A breach involving the popular NFT game “Axie Infinity” has been linked to North Korea’s state-backed hackers after an investigation by the FBI. The Lazarus hacking group is thought to be behind the crypto theft of over $600 million, the largest on record to hit a decentralized finance platform.
North Korean threat group named as leading suspect in crypto theft
The Lazarus hacking group appears to be the most likely party responsible for the April breach of the Ronin network, a bridge between the crypto platform and Axie Infinity. The NFT game has become the world’s most popular in recent months, pulling in about $1.3 billion in the past year.
The crypto theft occurred due to a social engineering attack that gave the hackers enough access to overcome the Ronin network’s “proof of authority” security system that relies on majority consensus to approve actions. The attacker leveraged dormant administrative accounts stolen from the NFT game to take over five of the nine validator nodes, allowing them use private keys to authorize fake transactions. The ability of the attackers to pull off an attack so easily raised alarms with security experts, given that Axie publisher Sky Mavis is a major player in the DeFi space.
The involvement of the Lazarus hacking group, which has been linked to numerous high-profile attacks for years, helps to explain how this all unfolded. The group is somewhat unique among state-backed attackers in its willingness to pull off high-profile heists, with the money used to fund the relatively isolated and impoverished North Korean regime. In this case the hackers were able to take at least $615 million, making this the largest crypto theft from a DeFi network in history and one of the largest to happen to any type of crypto platform.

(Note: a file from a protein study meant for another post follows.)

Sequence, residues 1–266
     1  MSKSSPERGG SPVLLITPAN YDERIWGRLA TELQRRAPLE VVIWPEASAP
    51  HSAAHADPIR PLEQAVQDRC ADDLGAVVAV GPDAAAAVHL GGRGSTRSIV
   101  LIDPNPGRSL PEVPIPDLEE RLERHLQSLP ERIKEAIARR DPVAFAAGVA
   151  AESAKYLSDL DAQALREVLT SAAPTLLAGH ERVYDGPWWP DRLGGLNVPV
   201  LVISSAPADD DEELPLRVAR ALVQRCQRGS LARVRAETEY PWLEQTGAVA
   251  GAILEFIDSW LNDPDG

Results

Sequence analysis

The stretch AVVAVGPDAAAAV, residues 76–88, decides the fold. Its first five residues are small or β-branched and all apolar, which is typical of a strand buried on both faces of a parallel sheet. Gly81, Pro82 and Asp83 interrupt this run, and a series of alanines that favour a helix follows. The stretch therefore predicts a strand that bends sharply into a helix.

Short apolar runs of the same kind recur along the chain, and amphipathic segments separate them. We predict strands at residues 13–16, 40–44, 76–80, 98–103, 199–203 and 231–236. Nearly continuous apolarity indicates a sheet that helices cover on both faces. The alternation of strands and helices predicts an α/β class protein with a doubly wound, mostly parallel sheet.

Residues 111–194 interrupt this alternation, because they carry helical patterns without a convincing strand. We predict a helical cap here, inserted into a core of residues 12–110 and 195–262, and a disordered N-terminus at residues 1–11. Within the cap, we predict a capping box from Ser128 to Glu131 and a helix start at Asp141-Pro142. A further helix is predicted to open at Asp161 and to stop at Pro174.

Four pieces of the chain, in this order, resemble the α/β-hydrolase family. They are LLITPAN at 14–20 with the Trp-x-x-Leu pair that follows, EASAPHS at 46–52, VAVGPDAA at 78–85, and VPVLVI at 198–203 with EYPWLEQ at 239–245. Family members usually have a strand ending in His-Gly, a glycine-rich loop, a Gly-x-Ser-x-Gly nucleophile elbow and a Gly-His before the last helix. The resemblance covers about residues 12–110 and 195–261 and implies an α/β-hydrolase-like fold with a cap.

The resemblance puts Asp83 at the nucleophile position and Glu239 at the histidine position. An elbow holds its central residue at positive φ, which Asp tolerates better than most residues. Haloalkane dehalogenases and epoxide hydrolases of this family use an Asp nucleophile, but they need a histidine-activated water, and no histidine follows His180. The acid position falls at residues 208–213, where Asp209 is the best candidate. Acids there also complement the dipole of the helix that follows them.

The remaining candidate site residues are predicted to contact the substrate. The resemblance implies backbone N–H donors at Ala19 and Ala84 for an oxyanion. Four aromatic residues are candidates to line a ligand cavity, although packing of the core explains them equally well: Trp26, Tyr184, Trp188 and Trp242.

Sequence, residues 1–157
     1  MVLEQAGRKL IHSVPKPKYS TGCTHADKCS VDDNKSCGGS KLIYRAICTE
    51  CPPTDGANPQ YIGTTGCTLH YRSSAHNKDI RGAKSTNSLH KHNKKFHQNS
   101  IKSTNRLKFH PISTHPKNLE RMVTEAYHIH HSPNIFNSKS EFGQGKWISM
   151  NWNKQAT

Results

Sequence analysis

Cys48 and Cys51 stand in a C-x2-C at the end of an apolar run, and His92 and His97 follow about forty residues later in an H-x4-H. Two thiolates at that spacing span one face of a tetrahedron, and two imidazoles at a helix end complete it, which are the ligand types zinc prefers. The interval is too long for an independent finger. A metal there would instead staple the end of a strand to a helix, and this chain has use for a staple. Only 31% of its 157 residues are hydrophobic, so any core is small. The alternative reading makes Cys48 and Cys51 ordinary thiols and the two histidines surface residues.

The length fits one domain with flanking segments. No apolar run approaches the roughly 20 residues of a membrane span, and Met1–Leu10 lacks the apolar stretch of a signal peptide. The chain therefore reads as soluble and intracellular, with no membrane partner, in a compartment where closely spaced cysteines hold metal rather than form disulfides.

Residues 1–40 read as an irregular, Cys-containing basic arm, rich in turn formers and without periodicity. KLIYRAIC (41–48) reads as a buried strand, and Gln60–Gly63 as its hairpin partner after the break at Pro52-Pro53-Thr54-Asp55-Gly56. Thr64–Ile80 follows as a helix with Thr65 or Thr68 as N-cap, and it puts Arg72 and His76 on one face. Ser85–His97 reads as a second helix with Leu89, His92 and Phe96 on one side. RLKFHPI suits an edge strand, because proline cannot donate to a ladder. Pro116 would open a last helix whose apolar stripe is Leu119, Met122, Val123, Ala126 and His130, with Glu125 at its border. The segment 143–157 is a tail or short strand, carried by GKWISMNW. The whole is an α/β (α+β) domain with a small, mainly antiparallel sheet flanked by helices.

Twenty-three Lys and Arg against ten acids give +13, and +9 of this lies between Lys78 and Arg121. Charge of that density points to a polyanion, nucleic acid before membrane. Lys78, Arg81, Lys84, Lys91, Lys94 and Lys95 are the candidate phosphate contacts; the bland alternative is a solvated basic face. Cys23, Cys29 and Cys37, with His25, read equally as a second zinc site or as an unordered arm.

The FBI named the Lazarus hacking group as the primary suspect after the Treasury Department found links between a wallet used to host the stolen funds and the threat actors. Parties that interact with this wallet are now subject to US sanctions.
Lazarus hacking group strikes again
There will be little recourse against the North Korean team, but the US is asking the United Nations Security Council to blacklist the Lazarus hacking group and order its assets to be frozen. No formal charges have been filed as of yet.
Lazarus has long been on the radar of international authorities, but its location in North Korea and the support of its government makes it nearly impossible to bring to justice. The group has been active for over a decade now and has tallied major breaches of Sony Pictures and a number of other organizations to collect a total of over a billion dollars. The group was also involved with the WannaCry ransomware outbreak of 2017.
The hackers will likely get away with this crypto theft too, as there are always exchanges around the world that pay no regard to international sanctions. Organizations that find themselves in the crosshairs of the group need to focus on defense, preventing them from getting in and getting access to valuables and sensitive information in the first place.